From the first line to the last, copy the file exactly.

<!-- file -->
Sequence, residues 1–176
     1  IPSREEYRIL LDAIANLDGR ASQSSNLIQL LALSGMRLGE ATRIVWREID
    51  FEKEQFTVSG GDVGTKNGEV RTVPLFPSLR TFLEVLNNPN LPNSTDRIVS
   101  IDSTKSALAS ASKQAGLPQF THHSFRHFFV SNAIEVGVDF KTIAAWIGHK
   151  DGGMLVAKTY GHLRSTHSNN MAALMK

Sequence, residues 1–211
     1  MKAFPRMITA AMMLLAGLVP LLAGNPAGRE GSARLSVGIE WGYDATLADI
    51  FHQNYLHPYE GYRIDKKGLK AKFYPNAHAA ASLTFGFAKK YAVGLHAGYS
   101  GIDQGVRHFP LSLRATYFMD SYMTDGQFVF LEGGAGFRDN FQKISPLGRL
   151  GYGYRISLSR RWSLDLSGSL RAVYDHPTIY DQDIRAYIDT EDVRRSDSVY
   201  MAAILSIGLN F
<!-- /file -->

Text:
Sequence, residues 1–176
     1  IPSREEYRIL LDAIANLDGR ASQSSNLIQL LALSGMRLGE ATRIVWREID
    51  FEKEQFTVSG GDVGTKNGEV RTVPLFPSLR TFLEVLNNPN LPNSTDRIVS
   101  IDSTKSALAS ASKQAGLPQF THHSFRHFFV SNAIEVGVDF KTIAAWIGHK
   151  DGGMLVAKTY GHLRSTHSNN MAALMK

Sequence, residues 1–211
     1  MKAFPRMITA AMMLLAGLVP LLAGNPAGRE GSARLSVGIE WGYDATLADI
    51  FHQNYLHPYE GYRIDKKGLK AKFYPNAHAA ASLTFGFAKK YAVGLHAGYS
   101  GIDQGVRHFP LSLRATYFMD SYMTDGQFVF LEGGAGFRDN FQKISPLGRL
   151  GYGYRISLSR RWSLDLSGSL RAVYDHPTIY DQDIRAYIDT EDVRRSDSVY
   201  MAAILSIGLN F